Animal shelters overwhelmed as high cost of living forcing many to give up their pets
Animal shelters are reporting an overwhelming number of surrendered pets this year.
Dean Daubert, chief operations officer at Anderson Humane in South Elgin, Ill., said the shelter has handled 3,000 more pets this year than it did in 2021.
Daubert said he does not buy the widely held belief that a lot of people were too quick to adopt pets during the pandemic and now they are giving them up.
“From what people tell us, the cost of keeping a pet and the refusal of landlords to accept pets are the chief reasons that so many pets are being surrendered," Daubert told The Center Square.
He argues that it is difficult for pet owners to find new housing where pets are welcome.
Daubert would like to see legislation that gives pet owners leverage.
“Until there is legislation that prevents discrimination against people with pets and allows pet owners to have some rights, we will continue to see this,” he said.
When people have to give up their pets, it is often heartbreaking, Daubert said.
Most people give up their pets as a last resort, and some people become ill and can no longer care for their animals. They may split up with a partner and need to downsize.
“It is always a very, very hard decision,” Daubert said.
He suggests starting by letting people know that the pet needs a new home. Friends and neighbors will often take pets that people can no longer care for, if they are asked, Daubert said.
People may not be actively looking for a pet, but when they find out about a friend's pet, they may be delighted to give the pet a home. Anderson Humane's pet surrender process can take as long as three weeks for a space to open up, Daubert said.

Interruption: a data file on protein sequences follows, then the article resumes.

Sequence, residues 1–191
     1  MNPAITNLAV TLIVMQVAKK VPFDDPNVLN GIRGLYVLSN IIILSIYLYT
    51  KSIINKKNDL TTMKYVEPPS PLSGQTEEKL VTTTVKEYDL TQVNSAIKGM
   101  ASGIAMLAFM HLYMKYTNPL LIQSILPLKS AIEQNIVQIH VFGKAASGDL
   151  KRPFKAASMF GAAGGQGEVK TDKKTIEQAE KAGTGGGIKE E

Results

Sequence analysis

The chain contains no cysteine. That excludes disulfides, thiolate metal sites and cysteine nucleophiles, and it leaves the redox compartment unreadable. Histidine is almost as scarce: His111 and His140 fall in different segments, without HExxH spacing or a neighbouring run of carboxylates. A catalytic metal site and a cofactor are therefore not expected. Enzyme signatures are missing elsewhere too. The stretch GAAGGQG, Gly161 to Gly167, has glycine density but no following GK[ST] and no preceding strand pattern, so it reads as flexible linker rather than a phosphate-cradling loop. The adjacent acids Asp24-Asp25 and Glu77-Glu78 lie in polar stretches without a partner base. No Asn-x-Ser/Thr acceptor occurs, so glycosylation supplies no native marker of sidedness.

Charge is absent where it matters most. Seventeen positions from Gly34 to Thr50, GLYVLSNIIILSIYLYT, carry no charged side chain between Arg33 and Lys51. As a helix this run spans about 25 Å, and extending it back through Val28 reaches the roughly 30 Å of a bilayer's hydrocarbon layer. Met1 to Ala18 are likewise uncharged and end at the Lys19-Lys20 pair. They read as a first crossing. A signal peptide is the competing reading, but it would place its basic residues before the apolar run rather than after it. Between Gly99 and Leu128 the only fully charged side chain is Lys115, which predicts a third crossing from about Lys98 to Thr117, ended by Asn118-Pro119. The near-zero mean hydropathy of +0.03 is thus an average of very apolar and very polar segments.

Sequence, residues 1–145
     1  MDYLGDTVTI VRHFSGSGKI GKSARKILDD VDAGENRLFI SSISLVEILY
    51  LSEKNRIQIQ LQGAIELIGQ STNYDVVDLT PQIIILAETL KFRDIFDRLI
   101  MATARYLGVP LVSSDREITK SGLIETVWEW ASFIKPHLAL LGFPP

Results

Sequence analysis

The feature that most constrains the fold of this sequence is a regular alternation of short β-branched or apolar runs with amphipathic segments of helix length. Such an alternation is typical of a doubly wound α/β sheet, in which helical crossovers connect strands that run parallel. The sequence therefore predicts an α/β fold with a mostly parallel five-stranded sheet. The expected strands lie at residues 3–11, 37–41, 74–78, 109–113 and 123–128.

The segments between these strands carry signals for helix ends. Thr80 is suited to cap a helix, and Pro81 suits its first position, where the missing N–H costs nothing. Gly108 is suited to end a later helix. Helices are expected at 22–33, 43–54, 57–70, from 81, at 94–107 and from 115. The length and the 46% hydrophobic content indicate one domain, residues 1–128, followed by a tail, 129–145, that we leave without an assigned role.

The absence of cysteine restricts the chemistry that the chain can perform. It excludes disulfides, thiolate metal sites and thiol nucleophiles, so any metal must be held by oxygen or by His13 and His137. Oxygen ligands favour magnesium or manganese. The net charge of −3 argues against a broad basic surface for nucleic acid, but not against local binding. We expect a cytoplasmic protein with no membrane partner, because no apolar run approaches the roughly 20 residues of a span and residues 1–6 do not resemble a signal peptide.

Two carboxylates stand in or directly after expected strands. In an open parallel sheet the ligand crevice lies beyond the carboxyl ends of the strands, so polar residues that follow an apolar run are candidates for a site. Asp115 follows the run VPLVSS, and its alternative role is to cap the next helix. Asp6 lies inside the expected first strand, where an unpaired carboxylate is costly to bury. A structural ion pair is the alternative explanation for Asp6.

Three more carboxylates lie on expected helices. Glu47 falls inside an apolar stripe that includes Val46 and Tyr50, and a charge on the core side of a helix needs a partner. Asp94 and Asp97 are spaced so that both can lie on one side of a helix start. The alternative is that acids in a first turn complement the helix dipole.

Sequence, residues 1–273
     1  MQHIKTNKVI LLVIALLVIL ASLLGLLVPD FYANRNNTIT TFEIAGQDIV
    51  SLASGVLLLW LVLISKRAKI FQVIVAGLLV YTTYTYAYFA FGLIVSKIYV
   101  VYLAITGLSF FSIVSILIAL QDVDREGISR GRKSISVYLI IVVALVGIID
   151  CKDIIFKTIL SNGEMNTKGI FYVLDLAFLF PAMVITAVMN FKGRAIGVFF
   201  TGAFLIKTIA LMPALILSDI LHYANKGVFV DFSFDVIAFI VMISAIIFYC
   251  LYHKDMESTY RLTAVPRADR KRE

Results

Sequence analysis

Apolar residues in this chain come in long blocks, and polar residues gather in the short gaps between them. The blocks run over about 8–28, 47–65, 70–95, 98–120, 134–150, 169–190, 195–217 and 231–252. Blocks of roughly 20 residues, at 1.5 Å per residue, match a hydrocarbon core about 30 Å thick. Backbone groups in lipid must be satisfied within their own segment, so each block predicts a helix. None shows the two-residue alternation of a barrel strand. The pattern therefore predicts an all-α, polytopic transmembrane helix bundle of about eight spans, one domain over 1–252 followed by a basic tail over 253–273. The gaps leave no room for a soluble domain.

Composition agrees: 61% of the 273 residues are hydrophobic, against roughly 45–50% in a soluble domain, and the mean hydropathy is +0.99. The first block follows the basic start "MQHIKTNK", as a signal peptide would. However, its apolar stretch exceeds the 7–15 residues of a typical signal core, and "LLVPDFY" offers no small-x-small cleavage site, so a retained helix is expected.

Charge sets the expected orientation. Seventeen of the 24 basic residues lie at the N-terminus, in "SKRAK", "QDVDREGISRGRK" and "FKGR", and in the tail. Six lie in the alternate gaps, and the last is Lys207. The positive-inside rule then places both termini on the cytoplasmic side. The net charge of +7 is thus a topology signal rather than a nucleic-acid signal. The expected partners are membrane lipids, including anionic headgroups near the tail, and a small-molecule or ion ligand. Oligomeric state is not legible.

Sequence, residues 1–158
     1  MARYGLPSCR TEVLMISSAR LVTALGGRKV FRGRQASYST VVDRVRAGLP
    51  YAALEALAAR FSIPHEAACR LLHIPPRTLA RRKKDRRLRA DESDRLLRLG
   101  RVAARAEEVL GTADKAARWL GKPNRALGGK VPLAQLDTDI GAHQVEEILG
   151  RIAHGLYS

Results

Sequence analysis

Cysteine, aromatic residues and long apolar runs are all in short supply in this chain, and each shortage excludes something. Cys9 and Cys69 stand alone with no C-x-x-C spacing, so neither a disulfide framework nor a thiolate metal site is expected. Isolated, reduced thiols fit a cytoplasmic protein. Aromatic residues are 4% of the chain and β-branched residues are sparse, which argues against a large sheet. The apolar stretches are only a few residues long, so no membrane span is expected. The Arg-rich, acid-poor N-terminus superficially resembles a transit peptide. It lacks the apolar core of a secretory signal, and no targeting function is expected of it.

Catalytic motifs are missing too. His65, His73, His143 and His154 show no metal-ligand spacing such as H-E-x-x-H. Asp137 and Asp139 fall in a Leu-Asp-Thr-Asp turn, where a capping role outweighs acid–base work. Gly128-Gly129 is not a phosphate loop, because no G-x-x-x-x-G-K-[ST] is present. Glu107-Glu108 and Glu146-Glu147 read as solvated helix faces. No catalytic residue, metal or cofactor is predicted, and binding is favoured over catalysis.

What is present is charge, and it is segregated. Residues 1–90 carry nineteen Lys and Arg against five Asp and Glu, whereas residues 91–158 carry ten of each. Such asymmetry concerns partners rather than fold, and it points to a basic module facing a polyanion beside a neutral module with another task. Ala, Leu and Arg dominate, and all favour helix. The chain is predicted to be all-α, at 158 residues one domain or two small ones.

Daubert is proud of the screening and the counseling the staff does to make sure pets that are up for adoption go to stable homes. Pets that are surrendered to Anderson are not pets that were adopted from Anderson in the first place, Daubert said.
“We have been flat for the past three years in our return rate,” Daubert said.
He credits the screenings and the variety of training programs Anderson offers for helping people and their new pets learn how to live together. A dog may be reactive when it gets to a new home and that can be scary for people, he said. Many times reactivity can be managed easily with a little training.
“Some animals don’t get off to the best start in life,” Daubert said. “A lot of times a dog is under-socialized as a puppy."
Training helps the dog learn good manners, including not barking at other dogs or jumping up on people. A little training helps the owner and the new pet to bond, Daubert said.
No single breed is surrendered more than another, he said.
“It is definitely not the breed,” Daubert said. “It is the financial impact that is making people surrender their animals.”
Adoption fees at shelters do not cover the medical and operational costs of running the shelters, Daubert said. Shelters need community support, both financial and volunteer.
“Without the help of our many, many dedicated volunteers, we could not provide the outstanding care that we give to our animals,” Daubert said.